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PISTNER BROTHERS v. ALI A. AGHELI AND REBECCA A. AGHELI (12/01/86)

filed: December 1, 1986.

PISTNER BROTHERS, INC. AND HENRIETTA BUERK, APPELLANTS,
v.
ALI A. AGHELI AND REBECCA A. AGHELI



Appeal from the Judgment of the Court of Common Pleas, Elk County, Civil Division, at No. 84-189.

COUNSEL

Thomas G. Wagner, St. Marys, for appellants.

David A. Whitney, Ridway, for appellees.

Brosky, Rowley and Popovich, JJ.

Author: Brosky

[ 359 Pa. Super. Page 179]

This is an appeal from the judgment of the trial court giving title to approximately one-half of the disputed property to appellees.

Two issues have been presented for our consideration: (1) whether an owner of a lot in a subdivision may acquire adverse possession of an abutting, undedicated street in the subdivision by planting grass on the street and improving and maintaining a driveway within the bed of the street; and (2) whether the statute of limitations tolled when the adverse possessor made an offer to buy the property from the true owner.

The trial court determined that the township failed to accept the dedication of the disputed strip and that it could therefore be acquired by adverse possession. We agree with this finding. However, the trial court further ruled that the appellees' acts satisfied the requirements of adverse possession. On this later determination we reverse. Appellees' conduct does not entitle them to legal title.

The disputed land was originally part of the Henry Ruehl Subdivision and was identified as Anne Street, on a 1952 plan recorded in the Office of the Recorder of Deeds of Elk County. Lot No. 32, immediately south of Anne Street, was purchased from Henry Ruehl by John Green, appellees' predecessor in 1956. Beginning in May of that year, Mr. Green began building his home and used Anne Street as an access to his lot and a parking area for his car. Between 1956 and 1967 Mr. Green began making improvements to the bed of Anne Street. This included planting grass, placing cinders and bricks on the surface to create a driveway and to facilitate travel, as well as parking his vehicles on the cindered roadway. At all times, Mr. Green knew that the disputed area had been laid out as a street. In 1967, he offered to purchase this parcel from the Henry Ruehl Estate. Instead, it was sold to appellants. After building a carport in 1968, Mr. Green used the strip less often for parking his cars but continued to use the cindered driveway. This driveway was also used by appellee's neighbors,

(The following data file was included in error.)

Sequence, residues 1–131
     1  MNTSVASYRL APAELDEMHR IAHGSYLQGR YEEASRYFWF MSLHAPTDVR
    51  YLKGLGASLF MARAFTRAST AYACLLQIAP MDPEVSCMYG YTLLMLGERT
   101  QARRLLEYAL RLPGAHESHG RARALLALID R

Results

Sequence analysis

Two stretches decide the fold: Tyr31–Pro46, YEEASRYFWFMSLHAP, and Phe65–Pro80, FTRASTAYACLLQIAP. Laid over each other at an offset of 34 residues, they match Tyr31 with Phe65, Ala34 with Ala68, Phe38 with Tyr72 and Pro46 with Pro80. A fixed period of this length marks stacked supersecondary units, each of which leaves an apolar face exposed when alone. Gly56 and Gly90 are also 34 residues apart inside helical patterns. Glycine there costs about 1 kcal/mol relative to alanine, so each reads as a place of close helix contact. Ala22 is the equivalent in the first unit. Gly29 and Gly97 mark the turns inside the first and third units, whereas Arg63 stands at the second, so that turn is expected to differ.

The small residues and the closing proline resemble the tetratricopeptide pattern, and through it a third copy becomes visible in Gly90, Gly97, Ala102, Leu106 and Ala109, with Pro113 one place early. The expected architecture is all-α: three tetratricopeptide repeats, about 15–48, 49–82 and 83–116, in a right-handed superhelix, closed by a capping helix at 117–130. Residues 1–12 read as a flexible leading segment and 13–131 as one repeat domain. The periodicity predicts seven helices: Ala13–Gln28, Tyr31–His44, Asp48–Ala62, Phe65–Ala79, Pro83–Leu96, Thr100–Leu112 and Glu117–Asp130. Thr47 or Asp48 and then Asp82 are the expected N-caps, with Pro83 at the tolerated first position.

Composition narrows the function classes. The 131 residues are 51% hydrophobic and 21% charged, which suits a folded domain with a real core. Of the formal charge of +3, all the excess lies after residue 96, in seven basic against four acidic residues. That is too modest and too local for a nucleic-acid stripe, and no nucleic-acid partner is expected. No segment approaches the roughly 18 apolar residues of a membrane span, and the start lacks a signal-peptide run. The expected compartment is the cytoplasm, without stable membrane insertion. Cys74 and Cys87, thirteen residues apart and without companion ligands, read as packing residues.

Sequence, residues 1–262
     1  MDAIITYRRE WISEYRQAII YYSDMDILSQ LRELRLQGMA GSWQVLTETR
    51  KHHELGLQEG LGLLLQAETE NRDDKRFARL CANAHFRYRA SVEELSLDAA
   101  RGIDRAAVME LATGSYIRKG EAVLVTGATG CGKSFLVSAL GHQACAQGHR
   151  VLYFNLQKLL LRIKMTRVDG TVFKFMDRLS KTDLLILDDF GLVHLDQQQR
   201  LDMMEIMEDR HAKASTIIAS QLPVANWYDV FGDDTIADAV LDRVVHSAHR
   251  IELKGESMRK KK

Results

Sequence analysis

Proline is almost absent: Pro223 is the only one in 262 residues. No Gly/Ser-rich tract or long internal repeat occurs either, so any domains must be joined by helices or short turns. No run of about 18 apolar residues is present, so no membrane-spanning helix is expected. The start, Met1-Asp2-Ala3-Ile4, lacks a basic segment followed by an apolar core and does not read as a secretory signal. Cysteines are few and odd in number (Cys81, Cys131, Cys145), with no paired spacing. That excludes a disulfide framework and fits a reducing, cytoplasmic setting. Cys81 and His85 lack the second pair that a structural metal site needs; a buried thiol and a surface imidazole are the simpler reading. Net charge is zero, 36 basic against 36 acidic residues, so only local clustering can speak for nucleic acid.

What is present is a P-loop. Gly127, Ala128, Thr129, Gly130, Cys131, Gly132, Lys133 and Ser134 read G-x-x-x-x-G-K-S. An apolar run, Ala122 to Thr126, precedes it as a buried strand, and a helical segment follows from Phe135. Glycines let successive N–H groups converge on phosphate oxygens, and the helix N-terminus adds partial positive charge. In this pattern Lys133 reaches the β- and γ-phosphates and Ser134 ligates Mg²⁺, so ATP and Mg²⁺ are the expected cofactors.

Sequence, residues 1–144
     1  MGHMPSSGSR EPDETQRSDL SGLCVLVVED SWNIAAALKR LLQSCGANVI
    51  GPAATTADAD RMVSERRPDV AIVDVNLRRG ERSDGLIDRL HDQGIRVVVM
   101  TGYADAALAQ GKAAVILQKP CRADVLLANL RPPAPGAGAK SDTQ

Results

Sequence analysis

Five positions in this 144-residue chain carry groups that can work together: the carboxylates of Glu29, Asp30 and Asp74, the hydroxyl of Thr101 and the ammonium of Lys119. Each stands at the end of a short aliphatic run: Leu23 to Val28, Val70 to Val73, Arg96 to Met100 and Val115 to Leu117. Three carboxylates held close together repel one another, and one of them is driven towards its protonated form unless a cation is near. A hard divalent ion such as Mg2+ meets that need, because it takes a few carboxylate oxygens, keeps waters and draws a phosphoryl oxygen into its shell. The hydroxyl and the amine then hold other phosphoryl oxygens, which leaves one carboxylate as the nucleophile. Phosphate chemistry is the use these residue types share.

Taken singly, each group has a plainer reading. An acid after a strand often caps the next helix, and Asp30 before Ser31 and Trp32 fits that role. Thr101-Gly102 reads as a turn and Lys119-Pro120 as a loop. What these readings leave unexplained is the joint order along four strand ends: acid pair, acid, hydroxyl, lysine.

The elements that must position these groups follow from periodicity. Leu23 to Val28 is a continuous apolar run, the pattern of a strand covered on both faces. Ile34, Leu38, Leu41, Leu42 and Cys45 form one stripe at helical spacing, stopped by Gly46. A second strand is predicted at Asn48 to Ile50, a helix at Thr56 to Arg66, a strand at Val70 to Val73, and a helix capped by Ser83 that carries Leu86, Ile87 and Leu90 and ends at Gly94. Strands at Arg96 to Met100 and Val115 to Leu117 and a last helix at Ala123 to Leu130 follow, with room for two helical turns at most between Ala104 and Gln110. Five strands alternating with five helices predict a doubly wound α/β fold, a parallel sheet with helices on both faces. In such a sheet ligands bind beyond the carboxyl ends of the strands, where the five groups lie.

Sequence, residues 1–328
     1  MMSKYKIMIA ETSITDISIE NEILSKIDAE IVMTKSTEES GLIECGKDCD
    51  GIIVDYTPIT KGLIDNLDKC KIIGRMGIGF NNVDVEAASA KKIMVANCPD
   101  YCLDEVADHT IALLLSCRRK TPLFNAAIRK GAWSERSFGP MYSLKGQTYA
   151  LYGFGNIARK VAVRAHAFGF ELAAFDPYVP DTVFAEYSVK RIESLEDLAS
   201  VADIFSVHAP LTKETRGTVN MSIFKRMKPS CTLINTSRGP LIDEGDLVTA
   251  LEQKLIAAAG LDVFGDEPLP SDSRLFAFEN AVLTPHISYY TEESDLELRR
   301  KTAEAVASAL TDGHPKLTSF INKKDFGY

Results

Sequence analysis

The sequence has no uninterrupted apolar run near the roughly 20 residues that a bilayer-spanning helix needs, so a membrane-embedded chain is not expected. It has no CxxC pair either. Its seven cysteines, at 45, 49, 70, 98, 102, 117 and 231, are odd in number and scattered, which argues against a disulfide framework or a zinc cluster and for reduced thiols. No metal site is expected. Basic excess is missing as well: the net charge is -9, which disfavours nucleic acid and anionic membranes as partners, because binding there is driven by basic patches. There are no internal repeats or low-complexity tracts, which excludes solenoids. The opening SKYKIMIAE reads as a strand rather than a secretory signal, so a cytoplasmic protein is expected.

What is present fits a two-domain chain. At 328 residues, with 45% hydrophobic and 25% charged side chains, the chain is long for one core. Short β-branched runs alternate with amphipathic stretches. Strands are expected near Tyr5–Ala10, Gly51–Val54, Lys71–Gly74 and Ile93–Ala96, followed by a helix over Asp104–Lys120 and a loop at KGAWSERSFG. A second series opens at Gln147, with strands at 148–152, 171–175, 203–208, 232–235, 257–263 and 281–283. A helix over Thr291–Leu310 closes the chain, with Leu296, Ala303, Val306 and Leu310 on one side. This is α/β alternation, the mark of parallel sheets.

[ 359 Pa. Super. Page 180]

    the Emmerts, and their visitors. The testimony revealed that Mr. Emmert removed snow from this portion with Mr. Green's permission. There is conflicting testimony as to whether the public in general traveled on this area.

In July 1980, Mr. Green filed a notice of adverse claim to the strip and soon after began paying property taxes on it. Mr. Green's tenants used the bed of Anne Street in a similar manner until 1983 when the house and his claim to the street were sold to appellees. In 1984, appellants sought to install a sewer line in this parcel. Appellees objected, claiming ownership of the property. This suit was filed by appellants to determine title.

The trial court determined that appellees established a claim of adverse possession to that portion of Anne Street comprising appellees' lawn and the part of the driveway that extended northerly from the cindered roadway to the ...


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